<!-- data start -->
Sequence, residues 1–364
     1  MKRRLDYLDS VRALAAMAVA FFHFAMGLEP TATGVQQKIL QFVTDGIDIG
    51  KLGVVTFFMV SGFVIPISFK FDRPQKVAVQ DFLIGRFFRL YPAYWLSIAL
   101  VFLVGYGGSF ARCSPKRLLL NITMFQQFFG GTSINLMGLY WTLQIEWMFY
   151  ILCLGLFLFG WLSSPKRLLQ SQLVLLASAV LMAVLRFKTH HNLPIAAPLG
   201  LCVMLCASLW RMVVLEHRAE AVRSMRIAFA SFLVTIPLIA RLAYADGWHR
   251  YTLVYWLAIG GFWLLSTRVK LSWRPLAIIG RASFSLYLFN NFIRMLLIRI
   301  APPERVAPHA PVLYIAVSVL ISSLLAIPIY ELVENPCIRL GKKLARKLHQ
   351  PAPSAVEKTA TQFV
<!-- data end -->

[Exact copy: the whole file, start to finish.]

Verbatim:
Sequence, residues 1–364
     1  MKRRLDYLDS VRALAAMAVA FFHFAMGLEP TATGVQQKIL QFVTDGIDIG
    51  KLGVVTFFMV SGFVIPISFK FDRPQKVAVQ DFLIGRFFRL YPAYWLSIAL
   101  VFLVGYGGSF ARCSPKRLLL NITMFQQFFG GTSINLMGLY WTLQIEWMFY
   151  ILCLGLFLFG WLSSPKRLLQ SQLVLLASAV LMAVLRFKTH HNLPIAAPLG
   201  LCVMLCASLW RMVVLEHRAE AVRSMRIAFA SFLVTIPLIA RLAYADGWHR
   251  YTLVYWLAIG GFWLLSTRVK LSWRPLAIIG RASFSLYLFN NFIRMLLIRI
   301  APPERVAPHA PVLYIAVSVL ISSLLAIPIY ELVENPCIRL GKKLARKLHQ
   351  PAPSAVEKTA TQFV